Why has practitioner research had such little impact in schools?

One thing that has always baffled me is how school leaders have marginalised staff involved in research or practitioner inquiry. If a teacher wants to do an MA or PhD in an area related to their own professional development, they are often given little or no financial or time support. Certainly research has not been a central part of the mission of being a classroom teacher, it has in effect been seen as an expensive hobby.

Many teachers I’ve spoken to have essentially felt like rogue agents, “pale students of unhallowed arts” wielding dangerous knowledge. Their work is not aligned with a whole school focus and very little of it is even linked with their own professional development.

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How many senior leadership meetings features the phrase “What does the research say?” or even taken the position that it might be something useful? In my experience many younger staff who want to do research are not sure exactly what it is they want to research but just want to improve and be more reflective about their practice. Why aren’t school leaders harnessing that kind of enthusiasm towards whole school improvement?

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Whole school research focus.

In order to maximise the impact of school led research we need to move towards a model where there is a common focus of inquiry that has many stakeholders One way of doing that is to:

  • – Establish an issue to be solved that is aligned with whole school vision.
  • – work with HEI to survey the literature around this area and help design methodologically robust approaches.
  • – Opportunities given for practitioner research embedded across all departments/faculties not just a self-selected few.
  • – Involve the student body with this focus using student journal clubs.
  • – Establish a Research Centre to act as a conduit.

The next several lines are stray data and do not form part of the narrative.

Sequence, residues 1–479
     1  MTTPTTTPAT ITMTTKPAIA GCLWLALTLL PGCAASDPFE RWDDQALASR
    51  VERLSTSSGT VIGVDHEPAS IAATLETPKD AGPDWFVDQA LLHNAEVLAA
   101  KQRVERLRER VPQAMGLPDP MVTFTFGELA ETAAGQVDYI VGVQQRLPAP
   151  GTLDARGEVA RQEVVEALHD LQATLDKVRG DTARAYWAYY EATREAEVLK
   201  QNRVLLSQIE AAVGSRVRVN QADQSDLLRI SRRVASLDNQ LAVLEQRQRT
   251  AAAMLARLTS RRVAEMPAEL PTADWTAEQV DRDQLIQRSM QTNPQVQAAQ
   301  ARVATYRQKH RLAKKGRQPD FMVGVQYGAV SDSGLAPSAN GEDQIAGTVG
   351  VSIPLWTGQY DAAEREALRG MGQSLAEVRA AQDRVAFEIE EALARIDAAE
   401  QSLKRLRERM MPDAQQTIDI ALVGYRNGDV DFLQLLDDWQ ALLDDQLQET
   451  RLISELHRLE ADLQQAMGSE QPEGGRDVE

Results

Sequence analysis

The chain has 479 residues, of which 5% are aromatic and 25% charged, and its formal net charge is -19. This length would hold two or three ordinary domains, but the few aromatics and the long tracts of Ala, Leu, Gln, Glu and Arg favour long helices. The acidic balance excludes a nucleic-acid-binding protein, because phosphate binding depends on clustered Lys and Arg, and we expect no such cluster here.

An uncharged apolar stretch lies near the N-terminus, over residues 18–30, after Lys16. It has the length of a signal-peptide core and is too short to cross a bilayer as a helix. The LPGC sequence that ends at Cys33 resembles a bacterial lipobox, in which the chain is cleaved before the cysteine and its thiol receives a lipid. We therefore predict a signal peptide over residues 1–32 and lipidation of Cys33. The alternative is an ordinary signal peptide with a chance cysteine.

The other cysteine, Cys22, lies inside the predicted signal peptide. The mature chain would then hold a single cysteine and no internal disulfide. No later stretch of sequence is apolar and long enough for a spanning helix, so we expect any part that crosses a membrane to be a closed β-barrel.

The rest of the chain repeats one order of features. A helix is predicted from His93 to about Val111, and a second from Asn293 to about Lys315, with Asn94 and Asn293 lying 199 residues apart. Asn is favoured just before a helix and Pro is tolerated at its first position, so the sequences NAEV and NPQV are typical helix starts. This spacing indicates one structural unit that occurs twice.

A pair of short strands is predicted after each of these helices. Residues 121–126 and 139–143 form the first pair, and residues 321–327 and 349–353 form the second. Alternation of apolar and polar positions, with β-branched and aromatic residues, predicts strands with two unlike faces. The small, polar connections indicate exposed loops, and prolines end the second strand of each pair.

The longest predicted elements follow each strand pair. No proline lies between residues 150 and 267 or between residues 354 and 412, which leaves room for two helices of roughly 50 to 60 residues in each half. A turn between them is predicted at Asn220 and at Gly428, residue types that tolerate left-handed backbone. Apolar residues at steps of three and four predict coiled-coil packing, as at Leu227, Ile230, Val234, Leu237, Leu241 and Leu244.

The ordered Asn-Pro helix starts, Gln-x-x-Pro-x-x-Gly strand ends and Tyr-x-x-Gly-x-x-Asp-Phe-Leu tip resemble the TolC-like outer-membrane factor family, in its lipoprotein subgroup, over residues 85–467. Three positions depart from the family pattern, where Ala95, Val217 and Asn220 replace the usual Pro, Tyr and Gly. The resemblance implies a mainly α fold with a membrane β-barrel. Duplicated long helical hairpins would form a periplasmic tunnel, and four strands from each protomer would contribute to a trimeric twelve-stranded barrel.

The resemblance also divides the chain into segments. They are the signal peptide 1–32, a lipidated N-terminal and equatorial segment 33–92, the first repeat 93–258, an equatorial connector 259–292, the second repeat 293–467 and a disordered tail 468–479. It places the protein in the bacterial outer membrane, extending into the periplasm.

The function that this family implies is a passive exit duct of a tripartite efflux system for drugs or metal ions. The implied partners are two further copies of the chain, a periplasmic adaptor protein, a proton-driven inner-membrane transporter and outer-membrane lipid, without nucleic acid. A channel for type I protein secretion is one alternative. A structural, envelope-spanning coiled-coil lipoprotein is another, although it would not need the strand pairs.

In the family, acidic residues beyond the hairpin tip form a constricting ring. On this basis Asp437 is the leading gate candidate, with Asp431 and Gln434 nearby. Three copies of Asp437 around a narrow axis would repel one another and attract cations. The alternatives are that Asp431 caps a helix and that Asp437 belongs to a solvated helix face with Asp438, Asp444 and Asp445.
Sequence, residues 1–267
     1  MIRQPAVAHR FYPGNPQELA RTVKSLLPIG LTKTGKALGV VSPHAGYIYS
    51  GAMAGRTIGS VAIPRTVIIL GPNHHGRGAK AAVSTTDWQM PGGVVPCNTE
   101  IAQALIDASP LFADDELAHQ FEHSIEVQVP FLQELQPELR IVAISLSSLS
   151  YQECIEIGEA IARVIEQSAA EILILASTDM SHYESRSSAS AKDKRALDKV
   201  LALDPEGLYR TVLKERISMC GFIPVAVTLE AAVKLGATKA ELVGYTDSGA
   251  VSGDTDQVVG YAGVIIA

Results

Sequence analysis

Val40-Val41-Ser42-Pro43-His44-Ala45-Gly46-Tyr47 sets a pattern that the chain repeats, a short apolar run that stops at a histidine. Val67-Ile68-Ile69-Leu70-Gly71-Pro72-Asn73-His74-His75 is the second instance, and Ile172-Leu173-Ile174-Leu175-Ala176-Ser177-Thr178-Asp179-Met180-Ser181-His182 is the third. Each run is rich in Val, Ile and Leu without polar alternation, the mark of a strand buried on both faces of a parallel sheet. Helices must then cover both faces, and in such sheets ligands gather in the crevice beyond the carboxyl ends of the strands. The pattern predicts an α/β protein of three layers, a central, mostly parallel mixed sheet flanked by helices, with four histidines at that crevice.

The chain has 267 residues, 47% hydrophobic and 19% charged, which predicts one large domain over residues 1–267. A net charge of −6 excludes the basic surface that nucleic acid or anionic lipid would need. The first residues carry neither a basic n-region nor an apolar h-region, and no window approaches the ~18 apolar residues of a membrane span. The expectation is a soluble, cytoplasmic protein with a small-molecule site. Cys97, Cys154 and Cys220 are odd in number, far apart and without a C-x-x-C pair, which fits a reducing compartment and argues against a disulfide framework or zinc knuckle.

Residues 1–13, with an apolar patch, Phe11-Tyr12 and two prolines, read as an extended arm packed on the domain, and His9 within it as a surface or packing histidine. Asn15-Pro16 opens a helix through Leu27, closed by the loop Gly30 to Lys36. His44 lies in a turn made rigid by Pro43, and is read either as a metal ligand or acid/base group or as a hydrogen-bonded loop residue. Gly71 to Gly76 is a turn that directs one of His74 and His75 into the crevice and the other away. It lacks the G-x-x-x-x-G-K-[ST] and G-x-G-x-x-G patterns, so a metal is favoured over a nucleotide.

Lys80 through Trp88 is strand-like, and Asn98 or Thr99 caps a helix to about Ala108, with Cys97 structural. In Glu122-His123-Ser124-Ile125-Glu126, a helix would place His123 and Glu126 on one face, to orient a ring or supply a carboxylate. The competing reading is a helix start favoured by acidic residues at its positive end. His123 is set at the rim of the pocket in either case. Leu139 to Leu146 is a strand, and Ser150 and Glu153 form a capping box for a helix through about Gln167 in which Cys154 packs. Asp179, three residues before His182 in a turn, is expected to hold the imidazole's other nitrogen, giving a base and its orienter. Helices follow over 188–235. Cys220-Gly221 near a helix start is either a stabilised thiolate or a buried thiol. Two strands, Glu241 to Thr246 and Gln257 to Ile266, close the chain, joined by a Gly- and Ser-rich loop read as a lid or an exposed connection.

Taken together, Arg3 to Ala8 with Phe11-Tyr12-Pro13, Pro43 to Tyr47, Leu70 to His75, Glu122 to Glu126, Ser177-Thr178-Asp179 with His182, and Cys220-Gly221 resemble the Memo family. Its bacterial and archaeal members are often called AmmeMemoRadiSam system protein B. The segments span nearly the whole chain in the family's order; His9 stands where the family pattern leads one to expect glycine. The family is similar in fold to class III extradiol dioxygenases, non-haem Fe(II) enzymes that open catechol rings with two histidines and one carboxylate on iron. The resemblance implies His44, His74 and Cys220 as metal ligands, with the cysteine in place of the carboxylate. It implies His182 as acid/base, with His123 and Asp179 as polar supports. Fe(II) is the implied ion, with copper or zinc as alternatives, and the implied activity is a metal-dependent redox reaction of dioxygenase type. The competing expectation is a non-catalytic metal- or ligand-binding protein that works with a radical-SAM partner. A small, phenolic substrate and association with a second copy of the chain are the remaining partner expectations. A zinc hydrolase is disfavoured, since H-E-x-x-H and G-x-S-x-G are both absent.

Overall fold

• – Build in time for staff to conduct research and disseminate findings.

If we are going to maximise the impact of research in schools then it needs to be more than a clandestine bunch of mavericks practicing some kind of weird alchemy that no-one even understands (especially themselves.)

Opportunities need to be given for practitioner-led research that is aligned with a clearly defined whole school vision of improvement, that is well communicated and where all staff feel they can have an impact.

12 comments

  1. jfin107

    The key rationale for practitioner research rest in the professional development of the teacher. The teacher engages in PR in order to better understand an issue/problem that if addressed through systematic enquiry leading to change and improvement in the experience of both teacher and pupils. This will be specific to the teacher’s daily professional life. This enquiry need not directly impact on the whole school. It may well impact on a community of subject teachers if carefully disseminated. Impact can be evaluated in terms of the teacher’s professional development. The integrity of the teacher, their perceived enquiry needs should be paramount. There is a long history of PR impacting in this way. There are numerous outsatnding examples

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  2. frankie roberts

    Arising from concerns about student outcomes and teacher wellbeing and having experienced the benefits of explicit teaching of literacy, we are about to embark on a teacher-research project which tests the effect of improved writing skills on student outcomes in the South Australian SACE subject ‘Research Project’. Our starting point was the Chief Assessors Report and then we invited an academic partner. Her support has been invaluable especially considering the requirements of ethical protocols, etc. Our project will start next week. I would welcome all suggestions and advice.

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  3. angryhungryresearcher

    I don’t agree that PR only benefits those undertaking it. I think, as argued here, there does need to be systems in place to recognise, join up & disseminate PR school-wide, and would go even further and suggest the ideal would be ways to share this type of research in a rigourous way across parterships, LAs or even nationally.
    The difficulty is making results of small scale, qualitative studies commensurable, so they could become part of something like a meta-analysis or systematic review in the ways we can currently do for quants research.

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  4. jfin107

    Certainly at the subject level in secondary education there is un urgent need to share and disseminate widely as I suggested. The History Today Magazine is an example. Qualitative research typical of case study and action research is capable of presenting a set of hypotheses (theoretical ideas, depending on the quality of existing knowledge being built upon) for others to investigate and for others to generalise from into their own practice. However, I would maintain that the chief beneficiaries are those involved in the research.